It’s Not a Proper Birthday Without Conveyor Belt Sushi

Remember this blog post? The one in which I verbosely extolled the virtues of Aomori’s winter and romanticized how beautiful it is? Yeah, after this weekend, I am seriously rethinking that pro-winter standpoint. After a monster of a snowstorm stranded me out in one of the small towns that surround Aomori City on Sunday night, I had to shell out nearly ninety dollars in taxi fare to get back into the city for work this morning. Trains were canceled, bus services were limited…but such is the nature of the beast, I suppose. If this – a slightly thinner wallet and a minor headache – is the extent of the grief that winter this year causes me, I’ll consider myself a lucky woman. (As I am running on about three and a half hours of sleep, I’ll also consider myself a lucky woman if I don’t faceplant into my coffee today at work.)

But this post is not about the trials and tribulations about Aomori’s winter conditions. Nope! This post is about birthday celebrations! Last Wednesday, February 20th, was my 24th (!!!!) birthday. This past year has been an absolutely fantastic one, and I can’t wait to see what the next holds in store.

For celebrations, five friends and I headed to Kantaro, our favorite conveyor belt sushi restaurant. Kaiten-sushi (回転寿司) is hands down one of my favorite styles of eating in Japan, as it’s usually cheap and quite convenient. However, some conveyor belt sushi joints leave something to be desired in the “quality” category. Kantaro, however, is downright delicious and is pretty cheap, as well. Those two things make for a perfect restaurant, in my opinion.

Put scallop sushi in front of me, and I am a happy woman.
Put scallop sushi in front of me, and I am a happy woman.

The problem with Kantaro, though, is that I usually accumulate quite a pile of plates. I have never been a “just a salad” kind of girl; I like my carbs and protein, preferably in large quantities. And with kaiten-zushi, you can just grab plates as they go by. You’re in complete control of how much food you can eat; you can stop after two plates or you can stop after twenty. I often have a hard time convincing myself that I don’t really need one more plate of salmon nigiri (a piece of sushi served on a little pad of rice). And as my rationale was “hey, it’s my birthday, I’ll eat what I want!”, I accumulated this monster stack…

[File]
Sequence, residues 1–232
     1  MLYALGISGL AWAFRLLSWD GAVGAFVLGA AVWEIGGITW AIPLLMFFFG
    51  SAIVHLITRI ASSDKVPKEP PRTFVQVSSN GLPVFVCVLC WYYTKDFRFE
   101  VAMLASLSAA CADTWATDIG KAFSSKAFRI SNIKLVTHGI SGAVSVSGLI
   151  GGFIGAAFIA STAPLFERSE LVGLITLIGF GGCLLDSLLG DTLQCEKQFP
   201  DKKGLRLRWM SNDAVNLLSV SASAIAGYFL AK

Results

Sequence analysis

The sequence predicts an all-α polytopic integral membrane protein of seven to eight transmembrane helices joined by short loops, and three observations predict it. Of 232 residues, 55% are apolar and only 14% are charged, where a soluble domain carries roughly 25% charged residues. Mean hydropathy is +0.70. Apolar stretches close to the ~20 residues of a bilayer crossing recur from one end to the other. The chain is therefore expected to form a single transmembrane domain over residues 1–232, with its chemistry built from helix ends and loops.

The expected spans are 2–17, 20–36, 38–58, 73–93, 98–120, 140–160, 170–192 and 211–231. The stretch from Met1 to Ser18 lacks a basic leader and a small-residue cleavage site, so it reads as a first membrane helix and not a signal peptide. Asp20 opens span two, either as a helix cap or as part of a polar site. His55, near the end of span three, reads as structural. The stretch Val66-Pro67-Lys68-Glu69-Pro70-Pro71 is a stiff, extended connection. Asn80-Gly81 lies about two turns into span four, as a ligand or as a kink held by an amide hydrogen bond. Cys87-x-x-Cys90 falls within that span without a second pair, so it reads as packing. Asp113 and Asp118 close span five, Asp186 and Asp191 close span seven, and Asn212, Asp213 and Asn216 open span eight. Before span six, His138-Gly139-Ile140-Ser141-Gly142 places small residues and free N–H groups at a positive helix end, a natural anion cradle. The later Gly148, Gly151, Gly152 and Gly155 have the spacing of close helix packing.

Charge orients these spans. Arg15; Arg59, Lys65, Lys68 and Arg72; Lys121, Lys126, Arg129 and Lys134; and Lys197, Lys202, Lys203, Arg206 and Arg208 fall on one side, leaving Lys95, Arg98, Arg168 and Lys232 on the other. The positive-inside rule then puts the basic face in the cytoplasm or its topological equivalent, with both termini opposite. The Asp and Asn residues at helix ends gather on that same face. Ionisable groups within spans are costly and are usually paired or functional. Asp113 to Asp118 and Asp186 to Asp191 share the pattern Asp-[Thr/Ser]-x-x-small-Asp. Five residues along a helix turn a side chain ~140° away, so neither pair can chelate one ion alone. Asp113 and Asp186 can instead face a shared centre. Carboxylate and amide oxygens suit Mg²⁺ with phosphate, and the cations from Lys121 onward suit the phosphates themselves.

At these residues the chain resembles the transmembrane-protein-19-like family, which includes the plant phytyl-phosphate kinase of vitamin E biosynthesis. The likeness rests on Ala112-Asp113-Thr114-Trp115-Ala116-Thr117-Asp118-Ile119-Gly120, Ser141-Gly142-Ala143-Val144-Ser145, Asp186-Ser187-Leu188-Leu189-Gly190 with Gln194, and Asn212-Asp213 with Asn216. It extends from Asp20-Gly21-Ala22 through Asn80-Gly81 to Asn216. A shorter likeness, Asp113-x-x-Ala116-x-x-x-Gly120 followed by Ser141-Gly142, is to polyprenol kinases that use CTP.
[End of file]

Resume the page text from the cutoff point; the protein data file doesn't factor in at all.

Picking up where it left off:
Restraint is not a virtue I possess.
Restraint is not a virtue I possess.

Basically, if something went by that even slightly tempted me, I grabbed it. Salmon (in embarrassingly large quantities), 比目魚 (hirame, flounder), まぐろ (maguro, tuna), 鰤 (hamachi, yellowtail), 穴子 (anago, conger eel) and ほたて (hotate, scallops) all disappeared down into my stomach.

炙り (broiled) salmon is one of my favorite dishes at Kantaro.
炙り (broiled) salmon is one of my favorite dishes at Kantaro.

I even got two awesome surprises to make the meal even better. First, my friends all grabbed a few of my plates at the end of the meal, so I ended up not even having to pay for dinner. (Equal parts guilt and happiness competed regarding my accumulation of plates.) Then, my friend Ryan presented me with a glorious bottle of 100% みかん (clementine) juice. If you’ve read this post, you know I’m nuts for clementines. Roughly 65 kilograms and counting consumed this winter…

A present tailor-made for someone who loves clementines.
A present tailor-made for someone who loves clementines.

And in the hallowed tradition shared by so many restaurants, the staff even brought me a piece of cake and sang to me with abundant enthusiasm. And in the hallowed tradition of birthday celebrators everywhere, I turned a deep shade of red of happy embarrassment. (And then I happily scarfed down my cake.)

An excellent end to the meal: strawberry cake!
An excellent end to the meal: strawberry cake!

All in all, a very fantastic birthday celebration. Bring on year number 25!

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